The Fujinon XF 16mm f/1.4: a perfect wide angle

The Fujinon XF 16mm f/1.4: a perfect wide angle

The Fujinon XF 16mm f/1.4 R WR is by now one of the legendary lenses in the Fuji-X ecosystem. Some time ago I had the pleasure to have it at my disposal for a few weeks (courtesy of Fujifilm Hellas) and shoot with it extensively. Here is my hands-on experience and evaluation.

Hundreds or pages have been written in praise of this lens, and I’m afraid this report will not be much different. In a lot of cases this is a perfect wide angle lens; speaking in general and not for Fuji-X in particular. Objectively speaking it probably features the best optics in the Fuji-X ecosystem; the only other primes in the same league would be the 90mm f2 and 80mm f2.8 macro.

Since we begun with optical characteristics, let’s discuss image for a bit. Contrary to modern popular belief, image quality does not necessarily equate with “sharpness”. This is not to say that the 16mm is not a sharp lens; objectively speaking it’s killing it. There is, however, a different kind of quality that this lens exhibits, and indeed, this is true of several other lenses in the Fuji-X line.


There are now several modern lenses that can be easily characterized as ultra sharp, at least as long as charts and laboratory tests are concerned. Put them where they belong, in front of a modern sensor and they can produce extremely detailed pictures, alas, in many cases said pictures appear lifeless, flat and clinical. On the other hand we have older lenses, most notably Leica but also traditional Zeiss and others, which are objectively not that sharp while pixel peeping but the whole picture gives a much more contrasty, 3D and lively impression. This “character” is perhaps due to microcontrast, color response and even some inherent “inefficiencies” and “flaws” in the design, but, nevertheless those lenses are continually sought after and some have become legendary.

I believe Fujifilm walks a fine line between those two extreme philosophies. Fujinon lenses are certainly modern in design and features and plenty sharp by any rate, but they also keep enough of the character of older designs to give them a special personality. The 16mm is a great example of this paradigm. Paired with the X-Trans sensor it can produce astonishing results both in the “modern” and “traditional” sense.

As far as textbook optical characteristics go, I noticed little distortion and modest vignetting at f1.4, which are also corrected in camera, so no need for worry there. There are some aberrations wide open with backlighting etc but nothing that can’t be corrected with a mouse click in post.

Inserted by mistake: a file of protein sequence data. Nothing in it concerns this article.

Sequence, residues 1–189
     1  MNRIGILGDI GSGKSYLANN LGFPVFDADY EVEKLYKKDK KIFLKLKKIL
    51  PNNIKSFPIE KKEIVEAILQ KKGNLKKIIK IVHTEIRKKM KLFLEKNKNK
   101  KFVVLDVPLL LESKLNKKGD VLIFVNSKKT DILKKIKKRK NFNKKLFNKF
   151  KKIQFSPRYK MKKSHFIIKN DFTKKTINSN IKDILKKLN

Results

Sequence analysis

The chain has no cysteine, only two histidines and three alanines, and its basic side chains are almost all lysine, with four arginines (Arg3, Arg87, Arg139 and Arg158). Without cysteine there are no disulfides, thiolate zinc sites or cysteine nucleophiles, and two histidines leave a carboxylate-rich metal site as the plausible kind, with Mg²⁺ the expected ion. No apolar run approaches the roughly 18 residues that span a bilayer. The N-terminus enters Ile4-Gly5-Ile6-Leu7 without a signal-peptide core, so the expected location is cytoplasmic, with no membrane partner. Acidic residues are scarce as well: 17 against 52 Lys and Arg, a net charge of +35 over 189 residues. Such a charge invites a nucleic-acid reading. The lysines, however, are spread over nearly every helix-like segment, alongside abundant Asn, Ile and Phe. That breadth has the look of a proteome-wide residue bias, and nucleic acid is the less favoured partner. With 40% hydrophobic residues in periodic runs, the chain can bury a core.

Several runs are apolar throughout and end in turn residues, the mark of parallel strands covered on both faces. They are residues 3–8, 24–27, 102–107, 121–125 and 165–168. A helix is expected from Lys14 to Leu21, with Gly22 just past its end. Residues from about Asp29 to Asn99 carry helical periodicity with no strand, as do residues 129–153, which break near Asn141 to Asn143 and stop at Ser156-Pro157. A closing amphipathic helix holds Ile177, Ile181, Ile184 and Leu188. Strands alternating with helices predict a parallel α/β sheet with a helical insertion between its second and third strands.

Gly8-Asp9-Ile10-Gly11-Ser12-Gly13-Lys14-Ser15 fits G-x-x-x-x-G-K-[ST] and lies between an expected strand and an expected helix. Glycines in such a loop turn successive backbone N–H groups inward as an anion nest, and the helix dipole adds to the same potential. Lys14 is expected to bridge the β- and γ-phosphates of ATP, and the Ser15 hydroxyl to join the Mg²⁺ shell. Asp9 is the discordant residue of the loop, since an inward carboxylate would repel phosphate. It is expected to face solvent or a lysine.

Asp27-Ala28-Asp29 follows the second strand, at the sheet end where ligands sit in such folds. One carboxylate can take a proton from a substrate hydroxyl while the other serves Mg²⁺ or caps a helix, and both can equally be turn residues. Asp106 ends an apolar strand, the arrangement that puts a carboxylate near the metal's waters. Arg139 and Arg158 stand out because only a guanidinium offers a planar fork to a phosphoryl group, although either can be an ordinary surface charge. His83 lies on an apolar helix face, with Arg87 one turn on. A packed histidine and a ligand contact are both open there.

The lens focuses very closely to the subject, which makes it ideal for some impressive “wide angle macro” shots, easily throwing the background out of focus. Speaking of which, the bokeh is very nice for a wide angle lens, in fact if someone sees a cropped version of the image he should perhaps imagine it was taken with the 23 or 35mm lens.

Speaking of cropping, given the 24mp count of modern Fujis, I think the ability to crop in post is an underestimated quality of this lens. Several photos you’ll see in the gallery at the end of this post, are crops and this is an extra bonus while using this lens; using it as a “virtual” longer focal length, without much to worry regarding detail and distortion.

Of course all the optical virtues in the world are nothing if one has to struggle with operation. Luckily, the 16mm is a dream to work with: the AF is very fast and the wonderful manual clutch pull mechanism makes manual focusing a snap. The distance scale should also be helpful for “traditionalist” street photographers. The lens is in the same size/weight category as the 23mm and 56mm; that is to say, not small in any sense but very comfortable nevertheless. On the X-T2 and X-Pro2 it fits perfectly while not being a chore in smaller bodies either.


I guess there is no point commenting on the build quality: it is superb, in absolute terms. Add weather sealing and this becomes a gem of a lens, worthy of the Fujinon name in any sense.

During the time I had it, I used in two paid assignments and a lot for my own stuff. My final conclusion is that any Fuji-X shooter in demand of the highest overall quality from a wide angle lens should have this lens in his or her arsenal. The only drawback is the asking price, which is a reflection of the quality and capabilities. It is also at the limits of the ultra-wide angle spectrum and some people would be better served by the 14mm f2.8 or 10-24mm f4 if a more dramatic view of the world is what they’re after. For any other use calling for the popular 24mm FF equivalent, the 16mm is the absolute best option.

Here is a small gallery shot with the lens with a variety of Fuji cameras (X-T2, X-Pro2, X-T20): 

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